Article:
Unsure what to do, he goes to a mountaintop to ask God for advice. Danner is immediately struck dead by lightning. (This expreses Wylie's anti-clerical bent. Philip Wylie referred to religion as a "colossus of bigotry", and even slips in a reference in the narration of Gladiator to the fact that the Hebrews were originally polytheistic. Of course, lightning as a divine weapon is an idea that comes from Zeus and Thor, not the Hebrew Bible.)
Incidentally, Roy Thomas later picked up on the story of Hugo Danner at the Distinguished Competition. In the series Young All-Stars, Thomas introduced Iron Munro, the son of Danner. Taking the Danner story up to the 1940's, Thomas revealed that Danner faked his death, and did indeed create the superhuman Sons of the New Dawn. Eventually, the Young All-Stars defeated Danner, who had gone mad with rage.
Iron Munro also has pulp origins, it is inspired by Aarn Munro that appeared in The Mightiest Machine by John W. Campbell, Jr. (Astounding Stories magazine from December 1934 to April 1935)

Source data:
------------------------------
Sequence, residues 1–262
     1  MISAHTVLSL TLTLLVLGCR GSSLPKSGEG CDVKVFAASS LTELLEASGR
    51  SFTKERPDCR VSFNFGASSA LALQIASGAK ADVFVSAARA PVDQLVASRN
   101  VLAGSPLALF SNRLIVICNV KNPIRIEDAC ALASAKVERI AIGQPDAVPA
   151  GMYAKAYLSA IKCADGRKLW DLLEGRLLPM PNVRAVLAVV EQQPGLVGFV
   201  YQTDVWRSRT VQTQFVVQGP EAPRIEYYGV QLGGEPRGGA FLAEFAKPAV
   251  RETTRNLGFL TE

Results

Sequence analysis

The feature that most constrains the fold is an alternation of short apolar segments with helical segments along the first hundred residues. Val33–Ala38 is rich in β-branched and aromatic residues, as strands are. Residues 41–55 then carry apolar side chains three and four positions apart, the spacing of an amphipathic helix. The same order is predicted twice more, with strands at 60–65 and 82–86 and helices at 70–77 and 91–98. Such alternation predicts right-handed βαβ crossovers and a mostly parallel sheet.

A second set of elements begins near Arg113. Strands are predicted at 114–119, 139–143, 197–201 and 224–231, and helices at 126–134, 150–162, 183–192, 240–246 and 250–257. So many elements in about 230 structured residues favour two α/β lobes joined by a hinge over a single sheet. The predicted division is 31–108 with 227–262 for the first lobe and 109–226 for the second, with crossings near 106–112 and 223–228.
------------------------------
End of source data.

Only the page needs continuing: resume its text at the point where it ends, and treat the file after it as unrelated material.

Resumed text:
Oh, and the Second Reich was the German government that existed from 1871-1918. It began immediately after the Franco-Prussian War (they say on an alternate world, Prussia lost the Franco-Prussian War; the superpowers of the Spanish dictator are as yet unexplained), proclaimed in the palace of Versailles in defeated France. The Second Reich joined with Austria-Hungary, Bulgaria, and the Ottoman Empire to become the Central Powers during World War I. The Second Reich lasted till the end of World War I, when the Kaiser (Emperor) abdicated, and Germany became a democracy. The Second Reich's leaders included Wilhelm I, Frederick I, and Wilhelm II, of the Hohenzollern family. The current head of the Hohenzollern family is Friedrick George Ferdinand, who became head in 1994 upon his grandfather's death. In the Marvel Universe (as noted), Baron Blood seems to be the only super-villain who worked for the Second Reich.